Poem By Richard George
Once, just once, I heard it;
That warm night in April
When it landed, on migration
In oak woods across the fields
From my garden: and I stood there
As it soaked the air with music,
Beseeching for a mate.
A bird, the size of my hand:
I wondered how it could sing so hard
An hour came down to rapture,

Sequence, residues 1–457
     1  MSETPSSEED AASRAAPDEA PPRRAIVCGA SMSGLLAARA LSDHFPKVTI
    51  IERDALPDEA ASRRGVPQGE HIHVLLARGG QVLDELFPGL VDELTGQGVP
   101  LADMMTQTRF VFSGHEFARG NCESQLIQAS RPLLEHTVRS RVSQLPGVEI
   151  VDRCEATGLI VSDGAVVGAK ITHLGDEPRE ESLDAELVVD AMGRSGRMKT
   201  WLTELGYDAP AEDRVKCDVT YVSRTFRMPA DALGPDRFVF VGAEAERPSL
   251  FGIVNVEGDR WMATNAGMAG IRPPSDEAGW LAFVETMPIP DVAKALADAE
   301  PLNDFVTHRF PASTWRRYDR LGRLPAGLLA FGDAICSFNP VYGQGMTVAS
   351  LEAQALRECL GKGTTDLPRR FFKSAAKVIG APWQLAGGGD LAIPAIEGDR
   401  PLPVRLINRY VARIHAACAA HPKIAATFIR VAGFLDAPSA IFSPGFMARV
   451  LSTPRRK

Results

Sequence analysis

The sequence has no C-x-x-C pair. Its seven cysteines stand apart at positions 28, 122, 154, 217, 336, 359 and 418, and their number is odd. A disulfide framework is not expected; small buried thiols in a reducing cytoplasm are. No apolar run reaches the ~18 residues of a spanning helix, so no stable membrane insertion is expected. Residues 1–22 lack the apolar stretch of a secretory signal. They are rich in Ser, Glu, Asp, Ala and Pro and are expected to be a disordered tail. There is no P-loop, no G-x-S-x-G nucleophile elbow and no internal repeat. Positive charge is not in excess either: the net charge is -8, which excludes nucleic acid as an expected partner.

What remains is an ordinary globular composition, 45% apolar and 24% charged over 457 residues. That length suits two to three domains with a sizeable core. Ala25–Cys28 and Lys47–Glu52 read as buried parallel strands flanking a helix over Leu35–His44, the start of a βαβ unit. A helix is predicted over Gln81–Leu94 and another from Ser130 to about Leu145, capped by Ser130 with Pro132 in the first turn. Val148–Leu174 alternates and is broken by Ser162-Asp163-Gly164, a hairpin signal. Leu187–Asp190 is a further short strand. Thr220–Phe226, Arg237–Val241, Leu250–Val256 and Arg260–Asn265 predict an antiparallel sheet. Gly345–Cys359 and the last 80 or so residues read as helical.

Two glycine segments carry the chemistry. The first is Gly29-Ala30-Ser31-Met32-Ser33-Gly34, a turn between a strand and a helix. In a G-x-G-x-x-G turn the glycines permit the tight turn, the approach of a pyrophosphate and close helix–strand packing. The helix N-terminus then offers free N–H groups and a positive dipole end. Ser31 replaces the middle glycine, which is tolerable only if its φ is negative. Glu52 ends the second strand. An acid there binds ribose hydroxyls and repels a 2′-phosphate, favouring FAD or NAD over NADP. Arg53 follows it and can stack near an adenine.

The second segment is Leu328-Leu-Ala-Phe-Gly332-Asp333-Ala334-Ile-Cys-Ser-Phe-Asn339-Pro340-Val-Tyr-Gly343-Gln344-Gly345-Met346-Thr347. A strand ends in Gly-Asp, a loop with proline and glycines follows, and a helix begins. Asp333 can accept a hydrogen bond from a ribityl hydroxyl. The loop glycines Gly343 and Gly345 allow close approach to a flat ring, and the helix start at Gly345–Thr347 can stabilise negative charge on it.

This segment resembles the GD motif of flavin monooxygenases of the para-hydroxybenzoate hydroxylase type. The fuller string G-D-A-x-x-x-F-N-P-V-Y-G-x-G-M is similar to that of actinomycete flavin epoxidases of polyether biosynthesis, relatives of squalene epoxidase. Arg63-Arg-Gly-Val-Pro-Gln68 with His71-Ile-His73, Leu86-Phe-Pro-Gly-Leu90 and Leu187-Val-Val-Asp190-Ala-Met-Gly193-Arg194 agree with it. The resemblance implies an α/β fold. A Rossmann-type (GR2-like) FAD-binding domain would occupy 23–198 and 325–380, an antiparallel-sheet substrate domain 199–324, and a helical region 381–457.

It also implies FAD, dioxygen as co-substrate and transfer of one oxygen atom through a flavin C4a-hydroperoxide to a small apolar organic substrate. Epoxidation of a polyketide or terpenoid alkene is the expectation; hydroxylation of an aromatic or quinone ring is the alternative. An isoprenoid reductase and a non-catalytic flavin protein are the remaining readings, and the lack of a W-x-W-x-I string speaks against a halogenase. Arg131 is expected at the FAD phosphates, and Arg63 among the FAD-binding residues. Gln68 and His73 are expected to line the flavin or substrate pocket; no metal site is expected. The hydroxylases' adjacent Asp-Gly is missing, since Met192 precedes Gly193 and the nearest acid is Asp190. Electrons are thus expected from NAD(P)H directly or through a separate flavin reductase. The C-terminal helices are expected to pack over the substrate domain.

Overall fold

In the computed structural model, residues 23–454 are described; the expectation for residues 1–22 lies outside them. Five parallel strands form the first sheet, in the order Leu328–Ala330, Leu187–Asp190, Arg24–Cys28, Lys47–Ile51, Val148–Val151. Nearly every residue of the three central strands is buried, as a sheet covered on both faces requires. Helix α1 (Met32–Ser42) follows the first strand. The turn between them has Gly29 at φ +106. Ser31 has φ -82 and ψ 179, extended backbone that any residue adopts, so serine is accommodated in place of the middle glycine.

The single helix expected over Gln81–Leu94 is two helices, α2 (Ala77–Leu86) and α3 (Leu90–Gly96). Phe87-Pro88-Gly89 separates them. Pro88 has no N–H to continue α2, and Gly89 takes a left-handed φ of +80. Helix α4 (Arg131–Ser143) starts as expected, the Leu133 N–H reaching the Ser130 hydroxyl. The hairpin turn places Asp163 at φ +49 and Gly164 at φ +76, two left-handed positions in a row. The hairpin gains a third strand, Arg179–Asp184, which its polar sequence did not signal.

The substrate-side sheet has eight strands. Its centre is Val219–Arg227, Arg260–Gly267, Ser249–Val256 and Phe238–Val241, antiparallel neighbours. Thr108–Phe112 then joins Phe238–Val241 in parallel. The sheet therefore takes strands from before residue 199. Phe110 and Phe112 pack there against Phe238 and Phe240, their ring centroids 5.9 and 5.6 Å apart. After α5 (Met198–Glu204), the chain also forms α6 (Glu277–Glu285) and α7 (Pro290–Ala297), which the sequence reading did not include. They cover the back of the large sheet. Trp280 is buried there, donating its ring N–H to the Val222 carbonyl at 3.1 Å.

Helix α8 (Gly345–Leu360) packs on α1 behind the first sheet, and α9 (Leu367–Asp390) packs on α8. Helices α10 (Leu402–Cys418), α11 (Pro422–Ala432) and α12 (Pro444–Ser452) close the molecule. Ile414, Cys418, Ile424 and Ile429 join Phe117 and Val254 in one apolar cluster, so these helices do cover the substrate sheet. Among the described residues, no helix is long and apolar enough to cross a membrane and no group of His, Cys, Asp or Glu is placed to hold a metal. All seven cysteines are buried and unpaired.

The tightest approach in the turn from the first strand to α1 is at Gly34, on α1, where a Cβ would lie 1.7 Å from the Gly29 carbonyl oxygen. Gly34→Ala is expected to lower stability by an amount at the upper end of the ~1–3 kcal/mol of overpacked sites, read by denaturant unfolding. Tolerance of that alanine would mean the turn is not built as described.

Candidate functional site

Second by second.
But twenty years have flown,
And the birds that I remember
For plumage, song, or something else
Are dying out:
The corncrake falls to the combine,
Highwayman shrike hangs up his scythe
And even the lark has gone to ground...
We shall miss them, when they are gone.
Spring will seem like autumn,
The sky too still:
At least I heard the nightingale.